Regrets I've had a few…

Business

Regrets I've had a few…

… balancing the risk, keeping cash

BY YANIQUE LEIBA-Ebanks

Sunday, August 02, 2020

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In the famous song My Way sung by Frank Sinatra, the crooner sings, “Regrets…I've had a few, but then again, too few to mention.” However, when you look back years from now on the events of 2020, what will you wish you had done differently?

In this column, we have written ad nauseum on the principles of investing and the importance of good habits, but, as with most things, you don't realise the importance of these until something goes awry, or in the words of Warren Buffett: “Only when the tide goes out do you discover who's been swimming naked.”

If you haven't thought about it yet, I would like to offer a few lessons that I have learnt during this period.

When we look at the hard-hit sectors in Jamaica alone, and I won't mention them here since we are all too familiar with what is going on, the main lesson is that a diversified portfolio still makes sense.

It is so tempting to invest in what appears to be popular at the time, or what seemingly has the highest yield. However, it is important to include less “sexy” options in your portfolio to balance out your risk. This is why fixed income has made such a comeback.

It is also critical to keep cash in your portfolio. Who likes to sell assets at a loss? The short answer is: nobody.

Keeping cash doesn't sound impressive and it certainly has the lowest rate of return. But in a crisis, there is no doubt that the hackneyed saying, “Cash is king,” is absolutely true. Cash is needed not just for emergencies but also for opportunities.

There are some opportunities that only come along in a crisis, and in order to take advantage of them, you need to have the liquidity available. This can only happen if you keep cash.

The problem is that none of us knows when a crisis will occur and keeping cash indefinitely can appear foolish, to say the least. However, even without crises, opportunities will arise, and they often come with very short windows.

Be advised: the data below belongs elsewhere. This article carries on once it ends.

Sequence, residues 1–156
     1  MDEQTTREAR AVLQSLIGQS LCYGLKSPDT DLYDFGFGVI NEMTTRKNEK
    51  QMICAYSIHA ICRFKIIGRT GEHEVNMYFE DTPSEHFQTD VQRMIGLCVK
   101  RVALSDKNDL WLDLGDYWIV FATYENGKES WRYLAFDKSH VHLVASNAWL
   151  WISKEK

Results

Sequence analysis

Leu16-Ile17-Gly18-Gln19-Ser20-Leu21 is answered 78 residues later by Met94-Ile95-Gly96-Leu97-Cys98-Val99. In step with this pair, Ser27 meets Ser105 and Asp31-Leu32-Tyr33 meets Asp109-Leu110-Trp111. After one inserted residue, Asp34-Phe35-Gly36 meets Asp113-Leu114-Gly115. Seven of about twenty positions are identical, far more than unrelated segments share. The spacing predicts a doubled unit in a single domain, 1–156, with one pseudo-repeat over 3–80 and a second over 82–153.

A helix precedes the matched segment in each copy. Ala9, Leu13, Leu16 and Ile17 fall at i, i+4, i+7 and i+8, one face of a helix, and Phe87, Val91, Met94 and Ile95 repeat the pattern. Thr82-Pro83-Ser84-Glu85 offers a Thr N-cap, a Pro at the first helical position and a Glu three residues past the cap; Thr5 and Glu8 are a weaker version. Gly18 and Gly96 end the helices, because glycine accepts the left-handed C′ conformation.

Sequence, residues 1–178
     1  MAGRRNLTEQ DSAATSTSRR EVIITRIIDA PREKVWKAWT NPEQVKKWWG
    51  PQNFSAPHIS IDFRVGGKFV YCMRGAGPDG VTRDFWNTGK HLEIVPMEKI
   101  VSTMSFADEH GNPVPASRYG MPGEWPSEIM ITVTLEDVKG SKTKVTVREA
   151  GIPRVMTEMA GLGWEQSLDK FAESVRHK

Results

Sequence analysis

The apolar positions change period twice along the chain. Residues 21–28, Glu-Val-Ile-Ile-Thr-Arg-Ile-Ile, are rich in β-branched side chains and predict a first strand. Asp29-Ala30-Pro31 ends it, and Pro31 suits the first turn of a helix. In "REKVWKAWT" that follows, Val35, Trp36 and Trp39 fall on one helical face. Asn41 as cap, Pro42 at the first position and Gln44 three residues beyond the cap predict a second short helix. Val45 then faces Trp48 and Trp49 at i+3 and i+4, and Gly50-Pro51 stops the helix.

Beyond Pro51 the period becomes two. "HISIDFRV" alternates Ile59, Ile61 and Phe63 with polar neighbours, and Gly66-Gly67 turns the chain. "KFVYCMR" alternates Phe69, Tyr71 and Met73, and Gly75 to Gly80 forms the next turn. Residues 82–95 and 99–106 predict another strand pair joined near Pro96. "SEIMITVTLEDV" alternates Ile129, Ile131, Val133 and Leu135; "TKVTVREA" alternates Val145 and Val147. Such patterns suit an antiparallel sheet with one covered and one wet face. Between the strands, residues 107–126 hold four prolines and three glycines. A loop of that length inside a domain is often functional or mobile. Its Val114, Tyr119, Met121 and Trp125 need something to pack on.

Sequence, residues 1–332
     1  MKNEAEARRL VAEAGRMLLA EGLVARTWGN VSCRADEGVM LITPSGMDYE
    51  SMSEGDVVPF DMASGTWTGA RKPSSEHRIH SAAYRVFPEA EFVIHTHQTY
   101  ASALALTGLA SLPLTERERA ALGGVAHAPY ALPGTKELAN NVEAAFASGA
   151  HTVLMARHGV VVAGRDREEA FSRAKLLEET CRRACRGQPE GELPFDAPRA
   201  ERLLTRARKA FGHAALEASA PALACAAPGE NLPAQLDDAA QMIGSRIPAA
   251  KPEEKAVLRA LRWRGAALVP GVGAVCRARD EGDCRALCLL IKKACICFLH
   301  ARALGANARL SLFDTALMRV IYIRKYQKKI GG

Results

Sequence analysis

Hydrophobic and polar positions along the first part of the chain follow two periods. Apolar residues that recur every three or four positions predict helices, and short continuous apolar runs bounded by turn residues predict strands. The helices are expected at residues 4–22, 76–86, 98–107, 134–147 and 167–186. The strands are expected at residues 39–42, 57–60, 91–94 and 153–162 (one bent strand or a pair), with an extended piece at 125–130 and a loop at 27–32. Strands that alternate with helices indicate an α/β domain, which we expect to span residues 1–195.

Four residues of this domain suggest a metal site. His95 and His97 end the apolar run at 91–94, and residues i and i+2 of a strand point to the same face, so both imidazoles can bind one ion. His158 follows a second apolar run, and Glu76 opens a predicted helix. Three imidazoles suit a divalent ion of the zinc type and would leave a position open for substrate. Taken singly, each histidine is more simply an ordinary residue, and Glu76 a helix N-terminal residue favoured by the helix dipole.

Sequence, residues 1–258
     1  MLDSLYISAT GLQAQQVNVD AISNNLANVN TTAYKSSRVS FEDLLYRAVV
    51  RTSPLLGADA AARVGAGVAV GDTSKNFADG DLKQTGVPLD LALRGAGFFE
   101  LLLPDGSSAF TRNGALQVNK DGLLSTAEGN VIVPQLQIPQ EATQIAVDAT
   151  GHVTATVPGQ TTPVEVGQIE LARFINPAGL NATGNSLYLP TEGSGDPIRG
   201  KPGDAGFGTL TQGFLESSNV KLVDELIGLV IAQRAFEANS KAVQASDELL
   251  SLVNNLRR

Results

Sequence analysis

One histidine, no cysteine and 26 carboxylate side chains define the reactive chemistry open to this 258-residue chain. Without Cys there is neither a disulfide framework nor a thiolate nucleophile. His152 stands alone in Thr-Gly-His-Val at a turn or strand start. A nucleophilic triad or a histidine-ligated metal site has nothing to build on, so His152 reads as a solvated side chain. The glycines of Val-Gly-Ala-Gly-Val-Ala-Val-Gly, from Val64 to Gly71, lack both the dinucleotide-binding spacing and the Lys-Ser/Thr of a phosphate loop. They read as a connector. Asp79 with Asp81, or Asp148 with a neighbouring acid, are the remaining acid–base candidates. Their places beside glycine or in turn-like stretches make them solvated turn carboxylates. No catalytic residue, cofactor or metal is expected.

When credit is abundant, it is easier to increase debt to fund your lifestyle, especially when funds come in readily. However, that rainy day fund, to which every finance 101 article refers, sounds so simple but is extremely difficult to maintain. Additionally, when we were all worried about possible lockdowns, we were all running to get supplies, and we needed money to fund that. In this hurricane season, we may be similarly panicked in the near future, only with a lot less money.

Lastly, as you consider how you are going to modify your approach to investing. There are things that will take much longer to implement than others, especially if your job situation has changed for the worse. However, there is nothing to stop you from doing all the things you couldn't do before, like calling your advisors, making certain that you are on top of all your investments or loans. This is the best time to organise your affairs as we work towards accepting new norms.

Yanique Leiba-Ebanks, CFA, FRM is the AVP, Pensions & Portfolio Investments at Sterling Asset Management. Sterling provides financial advice and instruments in U.S. dollars and other hard currencies to the corporate, individual, and institutional investor. Visit our website at www.sterling.com.jm Feedback: if you wish to have Sterling address your investment questions in upcoming articles, e-mail us at info@sterlingasset.net.jm.


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